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Why Beijing is trying to tame China’s runaway stock markets



China’s stock markets marked their first decline in eight days on Friday, ending a more than weeklong run that saw some stocks reach multiyear highs and featured record-breaking initial public offerings.

Bullish encouragement from Chinese state media kicked off the mainland’s stock market rally. State media outlets then tempered their tone late this week in an attempt to rein in speculation, telling investors to think about the long term, days after predicting a “healthy” bull market.

China’s securities regulator also issued a note of caution on Wednesday when it warned investors of risks in margin financing, a practice where brokers lend money to investors to buy stocks.

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The regulator listed 258 margin lending groups that it said were illegal and told investors not to use such financing. Margin financing is rising at the fastest rate since 2015, according to Bloomberg data, and illegal margin lending is seen as a primary reason for China’s 2015 stock market crash.

Some analysts said the initial bullishness from state news outlets was to help boost consumer spending and China’s economic recovery from the coronavirus slowdown, the Financial Times reported.

But the frenzy of trading this week raised fears of a repeat of the stock market bubble that formed in late 2014 and burst in June 2015.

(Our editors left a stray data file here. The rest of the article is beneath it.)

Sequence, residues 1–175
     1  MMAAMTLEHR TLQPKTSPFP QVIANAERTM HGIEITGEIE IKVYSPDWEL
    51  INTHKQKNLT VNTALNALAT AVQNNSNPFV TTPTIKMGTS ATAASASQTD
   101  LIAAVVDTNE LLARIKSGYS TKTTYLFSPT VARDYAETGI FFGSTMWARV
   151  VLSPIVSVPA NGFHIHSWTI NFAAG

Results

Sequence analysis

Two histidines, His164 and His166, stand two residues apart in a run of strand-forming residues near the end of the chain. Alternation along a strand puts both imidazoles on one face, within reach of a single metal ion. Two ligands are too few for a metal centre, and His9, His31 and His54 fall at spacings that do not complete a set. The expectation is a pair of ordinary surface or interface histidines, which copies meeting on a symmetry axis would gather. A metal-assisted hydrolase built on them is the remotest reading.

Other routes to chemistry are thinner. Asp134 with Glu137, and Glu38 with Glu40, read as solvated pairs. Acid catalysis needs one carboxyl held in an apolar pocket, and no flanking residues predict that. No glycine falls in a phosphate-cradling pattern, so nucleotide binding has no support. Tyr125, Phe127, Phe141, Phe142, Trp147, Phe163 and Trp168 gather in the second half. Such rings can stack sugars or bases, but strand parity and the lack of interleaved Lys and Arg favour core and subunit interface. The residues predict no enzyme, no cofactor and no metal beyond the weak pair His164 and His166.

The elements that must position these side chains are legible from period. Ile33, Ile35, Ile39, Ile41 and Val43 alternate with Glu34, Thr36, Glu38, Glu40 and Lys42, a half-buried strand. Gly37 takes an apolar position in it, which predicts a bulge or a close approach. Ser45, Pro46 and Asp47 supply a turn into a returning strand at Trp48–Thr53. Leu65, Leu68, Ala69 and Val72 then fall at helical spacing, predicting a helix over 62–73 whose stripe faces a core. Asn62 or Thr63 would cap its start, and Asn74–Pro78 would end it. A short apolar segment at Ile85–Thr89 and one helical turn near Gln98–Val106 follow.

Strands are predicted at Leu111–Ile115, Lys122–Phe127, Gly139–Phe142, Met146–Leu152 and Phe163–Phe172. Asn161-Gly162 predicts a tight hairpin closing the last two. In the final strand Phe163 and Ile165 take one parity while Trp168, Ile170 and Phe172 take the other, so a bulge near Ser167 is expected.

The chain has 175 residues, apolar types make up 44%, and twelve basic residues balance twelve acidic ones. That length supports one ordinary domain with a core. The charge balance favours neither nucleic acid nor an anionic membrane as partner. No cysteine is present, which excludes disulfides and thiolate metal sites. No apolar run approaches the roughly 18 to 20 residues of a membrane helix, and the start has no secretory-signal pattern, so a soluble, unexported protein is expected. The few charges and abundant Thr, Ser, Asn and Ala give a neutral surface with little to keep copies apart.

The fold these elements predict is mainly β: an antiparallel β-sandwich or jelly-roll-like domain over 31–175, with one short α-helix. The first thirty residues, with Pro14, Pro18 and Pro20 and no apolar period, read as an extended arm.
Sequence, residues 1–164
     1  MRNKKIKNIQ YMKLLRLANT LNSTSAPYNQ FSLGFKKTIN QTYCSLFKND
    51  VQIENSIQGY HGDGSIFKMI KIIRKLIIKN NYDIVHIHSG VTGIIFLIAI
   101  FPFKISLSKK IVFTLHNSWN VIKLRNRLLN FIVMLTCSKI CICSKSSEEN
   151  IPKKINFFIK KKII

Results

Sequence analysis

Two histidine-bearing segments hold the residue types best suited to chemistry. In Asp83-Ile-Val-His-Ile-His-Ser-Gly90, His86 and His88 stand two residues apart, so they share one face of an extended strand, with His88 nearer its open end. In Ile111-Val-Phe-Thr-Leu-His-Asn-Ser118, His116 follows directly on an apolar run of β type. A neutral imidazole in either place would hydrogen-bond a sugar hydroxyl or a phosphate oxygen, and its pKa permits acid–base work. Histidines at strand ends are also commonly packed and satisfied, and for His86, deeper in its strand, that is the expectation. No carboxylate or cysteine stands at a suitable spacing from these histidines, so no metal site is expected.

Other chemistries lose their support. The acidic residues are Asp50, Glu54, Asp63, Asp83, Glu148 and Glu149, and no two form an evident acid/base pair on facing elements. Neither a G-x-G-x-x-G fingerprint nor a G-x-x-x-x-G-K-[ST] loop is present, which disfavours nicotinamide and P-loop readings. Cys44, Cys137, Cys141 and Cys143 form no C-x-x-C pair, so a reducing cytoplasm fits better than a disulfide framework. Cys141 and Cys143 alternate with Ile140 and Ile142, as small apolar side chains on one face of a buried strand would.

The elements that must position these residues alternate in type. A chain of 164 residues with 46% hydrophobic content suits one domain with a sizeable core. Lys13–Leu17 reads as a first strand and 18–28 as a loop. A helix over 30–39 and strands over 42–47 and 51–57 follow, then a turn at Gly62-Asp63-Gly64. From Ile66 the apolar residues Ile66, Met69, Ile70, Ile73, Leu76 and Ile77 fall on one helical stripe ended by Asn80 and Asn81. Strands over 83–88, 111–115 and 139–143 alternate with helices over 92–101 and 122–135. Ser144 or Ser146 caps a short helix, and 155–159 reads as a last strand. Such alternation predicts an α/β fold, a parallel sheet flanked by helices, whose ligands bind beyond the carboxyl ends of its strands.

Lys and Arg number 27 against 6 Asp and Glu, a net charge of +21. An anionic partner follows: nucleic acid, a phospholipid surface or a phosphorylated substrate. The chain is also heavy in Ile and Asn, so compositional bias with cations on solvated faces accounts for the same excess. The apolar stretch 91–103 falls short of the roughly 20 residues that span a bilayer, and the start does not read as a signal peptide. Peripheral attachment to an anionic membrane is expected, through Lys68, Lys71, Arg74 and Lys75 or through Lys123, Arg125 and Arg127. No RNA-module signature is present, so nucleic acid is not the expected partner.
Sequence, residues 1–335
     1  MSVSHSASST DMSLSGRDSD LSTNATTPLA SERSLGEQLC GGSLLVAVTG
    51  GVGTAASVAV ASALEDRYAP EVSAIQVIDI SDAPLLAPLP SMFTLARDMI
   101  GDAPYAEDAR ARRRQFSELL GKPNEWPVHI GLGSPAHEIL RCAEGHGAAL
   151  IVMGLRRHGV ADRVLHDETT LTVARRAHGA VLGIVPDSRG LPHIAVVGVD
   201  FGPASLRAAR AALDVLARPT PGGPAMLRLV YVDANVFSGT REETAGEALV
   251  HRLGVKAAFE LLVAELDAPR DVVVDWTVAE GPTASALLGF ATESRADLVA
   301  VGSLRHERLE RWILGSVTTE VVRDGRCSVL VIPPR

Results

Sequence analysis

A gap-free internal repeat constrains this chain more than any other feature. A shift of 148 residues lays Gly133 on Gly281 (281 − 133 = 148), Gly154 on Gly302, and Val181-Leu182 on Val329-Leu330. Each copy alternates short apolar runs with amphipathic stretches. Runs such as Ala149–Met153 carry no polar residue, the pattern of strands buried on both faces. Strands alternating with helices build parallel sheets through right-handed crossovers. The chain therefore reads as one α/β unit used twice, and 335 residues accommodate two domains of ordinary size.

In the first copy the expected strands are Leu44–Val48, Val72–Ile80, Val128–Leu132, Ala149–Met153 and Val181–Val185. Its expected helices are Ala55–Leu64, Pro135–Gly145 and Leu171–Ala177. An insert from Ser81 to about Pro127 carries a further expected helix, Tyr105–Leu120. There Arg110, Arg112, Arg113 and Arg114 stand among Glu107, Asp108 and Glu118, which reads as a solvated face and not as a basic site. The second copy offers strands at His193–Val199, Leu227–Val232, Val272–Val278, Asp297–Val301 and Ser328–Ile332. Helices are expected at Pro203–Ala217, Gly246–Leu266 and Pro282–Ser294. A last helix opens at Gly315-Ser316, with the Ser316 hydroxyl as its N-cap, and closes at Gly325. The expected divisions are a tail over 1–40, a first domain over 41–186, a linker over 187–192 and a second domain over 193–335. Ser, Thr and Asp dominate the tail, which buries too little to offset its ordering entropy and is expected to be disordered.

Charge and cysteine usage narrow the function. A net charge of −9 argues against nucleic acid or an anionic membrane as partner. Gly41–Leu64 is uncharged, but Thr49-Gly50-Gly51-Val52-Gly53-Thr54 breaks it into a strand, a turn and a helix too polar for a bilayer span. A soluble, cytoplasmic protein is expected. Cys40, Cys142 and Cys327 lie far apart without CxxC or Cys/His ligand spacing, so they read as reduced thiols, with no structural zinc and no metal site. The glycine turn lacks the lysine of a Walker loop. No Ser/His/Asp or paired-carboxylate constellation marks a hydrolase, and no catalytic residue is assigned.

State media had also encouraged bullish investors in the run that preceded the 2015 crash, when the Shanghai and Shenzhen stock exchanges fell more than 40% in the following months. Altogether, the collapse wiped $5 trillion in market cap off China’s exchanges. Beijing ousted the head of the securities regulatory commission, on whose watch the crash occurred, in February 2016.

Stock markets in China are dominated by millions of individual investors. They account for 70% of stock transactions across China’s exchanges and are known for sometimes contributing to market volatility by trading on rumor and a “get rich quick” mentality. Since June 30, China’s stock market has added more than $1 trillion in value.

The Shanghai Composite rose 16.5% for eight days straight on Thursday. Even with Friday’s dip, it’s still up 17.8% since its June low. (The Nasdaq is up 8.4% for the same time period). Friday’s trading was likely also dampened by the U.S. government’s decision to sanction Chinese officials over alleged human rights abuses against the Uyghur ethnic minority group, a move that will ratchet up U.S.-China tensions. China has already said it would retaliate.

The week’s market frenzy led to some remarkable listings. One Chinese tech firm, QuantumCTek, surged 924% on its trading debut in Shanghai on Thursday, setting a record for the largest first-day jump of any Chinese IPO. The Star board, which QuantumCTek debuted on, has no trading limits on the first five days of a company’s IPO.

Hopeful economic recovery data coming out of China also buoyed investor confidence this week. China’s manufacturing purchasing managers’ index (PMI) rose for a fourth straight month in June, according to official data from China’s National Bureau of Statistics.